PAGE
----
14 Protein Purification and Analysis SDS Gel Electrophoresis Used to estimate purity and molecular weight, separate proteins by size Denature protein by adding SDS (then separate by size only) SDS forms micelles and binds to proteins Determination of unknown protein molecular weight

15 Protein Purification and Analysis Isoelectric focusing gel electrophoresis determine the isoelectric point (pi) of a protein separates proteins until they reach the ph that matches their pi (net charge is zero)

16 Centrifugation Protein Purification and Analysis Separate proteins by size or density Differential centrifugation - separates large from small particles Isopycnic (sucrose-density) centrifugation - separates particles of different densities

17 Protein Purification and Analysis Activity - total units of enzyme in solution Specific activity - number of enzyme units per mg of total protein

18 Protein Sequencing Function of protein depends on its amino acid sequence Proteins with different functions always have different sequences Changing just 1 amino acid can make a protein defective Functionally similar proteins from different species have similar sequences Steps for sequencing large protein: 1. Cleave S-S bonds 2. Separate subunits 3. Determine N-terminus of protein 4. Determine amino acid composition 5. Use cleavage agents to digest protein into smaller fragments 6. Amino acid composition and sequence of fragments 7. Use overlapping fragments to get full sequence

19 Protein Sequencing 1. Cleave S-S bonds To sequence large protein, first break disulfide bonds

20 2. Separate subunits Protein Folding and Denaturation Denaturation = loss of 3D structure resulting in loss of function Denaturation affects weak interactions, such as H-bonds Denature proteins by: Heat, extreme ph, add organics (alcohol, acetone) Add urea, guanidine hydrochloride, detergent separate subunits by gel electrophoresis, chromatography, etc.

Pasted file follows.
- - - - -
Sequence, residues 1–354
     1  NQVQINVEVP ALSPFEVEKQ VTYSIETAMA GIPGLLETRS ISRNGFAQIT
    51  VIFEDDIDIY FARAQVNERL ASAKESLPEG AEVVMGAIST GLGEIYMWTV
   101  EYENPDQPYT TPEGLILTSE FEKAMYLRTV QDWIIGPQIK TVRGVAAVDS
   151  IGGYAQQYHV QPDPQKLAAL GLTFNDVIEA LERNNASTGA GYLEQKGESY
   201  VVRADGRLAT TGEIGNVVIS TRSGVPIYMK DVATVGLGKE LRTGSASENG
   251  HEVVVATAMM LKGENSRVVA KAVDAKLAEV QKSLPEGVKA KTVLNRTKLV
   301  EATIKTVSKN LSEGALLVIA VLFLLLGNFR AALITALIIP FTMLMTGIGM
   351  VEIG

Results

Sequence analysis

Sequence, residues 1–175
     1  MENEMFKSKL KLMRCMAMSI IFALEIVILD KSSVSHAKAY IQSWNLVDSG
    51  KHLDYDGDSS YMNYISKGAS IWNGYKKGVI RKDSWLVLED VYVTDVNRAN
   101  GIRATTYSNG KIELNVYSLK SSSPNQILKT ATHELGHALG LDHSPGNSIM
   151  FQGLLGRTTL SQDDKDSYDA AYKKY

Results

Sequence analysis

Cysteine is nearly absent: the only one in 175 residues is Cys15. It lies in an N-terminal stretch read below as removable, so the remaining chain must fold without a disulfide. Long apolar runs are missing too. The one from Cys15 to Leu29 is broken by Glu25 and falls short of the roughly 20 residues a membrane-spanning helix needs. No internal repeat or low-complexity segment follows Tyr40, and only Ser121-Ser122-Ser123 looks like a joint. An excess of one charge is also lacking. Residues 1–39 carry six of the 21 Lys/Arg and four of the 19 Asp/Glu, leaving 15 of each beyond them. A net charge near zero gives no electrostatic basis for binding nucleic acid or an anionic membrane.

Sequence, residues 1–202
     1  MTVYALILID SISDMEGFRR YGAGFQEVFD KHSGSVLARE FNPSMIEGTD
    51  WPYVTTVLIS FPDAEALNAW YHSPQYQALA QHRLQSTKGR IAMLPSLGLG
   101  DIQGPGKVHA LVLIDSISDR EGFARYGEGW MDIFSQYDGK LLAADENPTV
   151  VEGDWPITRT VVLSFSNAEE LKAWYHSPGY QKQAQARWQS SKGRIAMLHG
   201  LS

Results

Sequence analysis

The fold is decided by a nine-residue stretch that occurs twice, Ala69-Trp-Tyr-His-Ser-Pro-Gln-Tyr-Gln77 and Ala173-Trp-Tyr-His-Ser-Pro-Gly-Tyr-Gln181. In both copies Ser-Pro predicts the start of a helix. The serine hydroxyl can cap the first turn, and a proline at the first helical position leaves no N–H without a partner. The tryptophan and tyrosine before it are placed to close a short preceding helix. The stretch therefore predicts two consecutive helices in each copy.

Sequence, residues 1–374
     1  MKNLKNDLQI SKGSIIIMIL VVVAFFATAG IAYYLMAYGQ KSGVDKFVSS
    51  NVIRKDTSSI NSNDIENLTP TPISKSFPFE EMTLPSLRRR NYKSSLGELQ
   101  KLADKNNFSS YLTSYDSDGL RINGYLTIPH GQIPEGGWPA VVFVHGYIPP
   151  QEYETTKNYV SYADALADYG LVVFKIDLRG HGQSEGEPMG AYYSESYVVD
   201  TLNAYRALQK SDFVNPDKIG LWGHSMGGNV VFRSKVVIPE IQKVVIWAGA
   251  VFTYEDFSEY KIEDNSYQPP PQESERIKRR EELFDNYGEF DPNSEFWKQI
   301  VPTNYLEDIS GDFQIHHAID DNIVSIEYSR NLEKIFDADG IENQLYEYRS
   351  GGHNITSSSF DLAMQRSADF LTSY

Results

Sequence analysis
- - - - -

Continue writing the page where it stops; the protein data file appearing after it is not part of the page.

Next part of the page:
21 Protein Sequencing 3. Determine N-terminus of protein

22 Protein Sequencing 4. Determine amino acid composition 6 M HCl heat Free amino acids HPLC or Ion-exch. chromatography AA composition Determine types and amounts of amino acids Polypeptide FDNB 2,4-Dinitrophenyl derivative of protein 6 M HCl 2,4-Dinitrophenyl derivative of amino-terminal AA + Free amino acids Identify amino-terminal residue of protein Determine number of polypeptides Phenylisothiocyanate Trifluoroacetic acid Phenylisothio- Cyanate derivative of aminoterminal AA + Identify amino-terminal residue of protein Purify and recycle remaining peptide fragment through Edman process

23 Protein Sequencing 5. Use cleavage agents to digest protein into smaller fragments Proteases Chemical

24 Protein Sequencing 6. Amino acid composition and sequence of fragments 7. Use overlapping fragments to get full sequence

25 Protein Sequencing Clues about functions of proteins/role of specific sequences Elucidate history of life on earth

26 Protein Synthesis - additional info Increasing uses for making proteins (antibodies, hormones, study of proteins) Three ways to obtain protein: purify from tissue, genetic engineering, direct chemical synthesis

27 Macromolecular Structure ATOMS MACRO- MOLECULES MOLECULES C-C bond Hemoglobin ASSEMBLIES Resolution limit of light microscope CELLS Red blood cell Glucose Ribosome Bacterium 1 Å m 10 Å 10-9 m 1 nm X-ray crystallography, Solution NMR 10 2 Å 10-8 m Electron microscopy 10 3 Å 10-7 m 10 4 Å 10-6 m 1 µm 10 5 Å 10-5 m

28 Macromolecular Structure X-ray crystallography Need lots of pure protein in crystallized form Beam of X-rays of given wavelength Beam diffracted by electrons of atoms in protein Collect diffracted x-rays on photographic film Create electron density map using Fourier transform

29 Macromolecular Structure Nuclear Magnetic Resonance (NMR) Need lots of pure protein in solution Sample must contain atoms that possess specific nuclear spin (1H, 13C, 15N, 19F, 31P) Nuclear spin generates magnetic dipole, apply magnetic field, magnetic dipoles align Pulse of electromagnetic energy, energy absorbed by nuclei, absorption spectrum collected Absorption spectrum gives information about identity of nuclei and its environment 2D NMR gives information about interactions of nearby atoms through space and covalent bonds